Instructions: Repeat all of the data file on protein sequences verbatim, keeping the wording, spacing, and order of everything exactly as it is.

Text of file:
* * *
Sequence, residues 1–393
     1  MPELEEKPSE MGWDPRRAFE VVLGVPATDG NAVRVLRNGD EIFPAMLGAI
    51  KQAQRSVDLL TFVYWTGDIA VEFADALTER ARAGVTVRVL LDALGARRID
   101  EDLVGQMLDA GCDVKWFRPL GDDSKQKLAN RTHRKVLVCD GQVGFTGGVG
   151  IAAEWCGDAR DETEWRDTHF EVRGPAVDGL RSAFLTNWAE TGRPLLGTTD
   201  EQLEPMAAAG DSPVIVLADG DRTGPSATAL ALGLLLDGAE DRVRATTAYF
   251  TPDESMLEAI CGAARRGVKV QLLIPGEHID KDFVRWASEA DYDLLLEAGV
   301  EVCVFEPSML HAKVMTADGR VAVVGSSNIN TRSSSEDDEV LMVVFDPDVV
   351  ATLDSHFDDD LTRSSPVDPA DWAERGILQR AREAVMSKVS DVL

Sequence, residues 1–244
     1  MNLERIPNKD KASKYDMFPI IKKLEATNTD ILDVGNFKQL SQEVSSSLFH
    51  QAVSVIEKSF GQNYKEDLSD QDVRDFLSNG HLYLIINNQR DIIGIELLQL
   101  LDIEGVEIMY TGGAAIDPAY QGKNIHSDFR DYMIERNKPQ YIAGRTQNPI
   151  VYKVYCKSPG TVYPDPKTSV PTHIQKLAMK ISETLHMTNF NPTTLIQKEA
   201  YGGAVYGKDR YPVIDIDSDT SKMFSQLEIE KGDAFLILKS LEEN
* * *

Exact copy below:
Sequence, residues 1–393
     1  MPELEEKPSE MGWDPRRAFE VVLGVPATDG NAVRVLRNGD EIFPAMLGAI
    51  KQAQRSVDLL TFVYWTGDIA VEFADALTER ARAGVTVRVL LDALGARRID
   101  EDLVGQMLDA GCDVKWFRPL GDDSKQKLAN RTHRKVLVCD GQVGFTGGVG
   151  IAAEWCGDAR DETEWRDTHF EVRGPAVDGL RSAFLTNWAE TGRPLLGTTD
   201  EQLEPMAAAG DSPVIVLADG DRTGPSATAL ALGLLLDGAE DRVRATTAYF
   251  TPDESMLEAI CGAARRGVKV QLLIPGEHID KDFVRWASEA DYDLLLEAGV
   301  EVCVFEPSML HAKVMTADGR VAVVGSSNIN TRSSSEDDEV LMVVFDPDVV
   351  ATLDSHFDDD LTRSSPVDPA DWAERGILQR AREAVMSKVS DVL

Sequence, residues 1–244
     1  MNLERIPNKD KASKYDMFPI IKKLEATNTD ILDVGNFKQL SQEVSSSLFH
    51  QAVSVIEKSF GQNYKEDLSD QDVRDFLSNG HLYLIINNQR DIIGIELLQL
   101  LDIEGVEIMY TGGAAIDPAY QGKNIHSDFR DYMIERNKPQ YIAGRTQNPI
   151  VYKVYCKSPG TVYPDPKTSV PTHIQKLAMK ISETLHMTNF NPTTLIQKEA
   201  YGGAVYGKDR YPVIDIDSDT SKMFSQLEIE KGDAFLILKS LEEN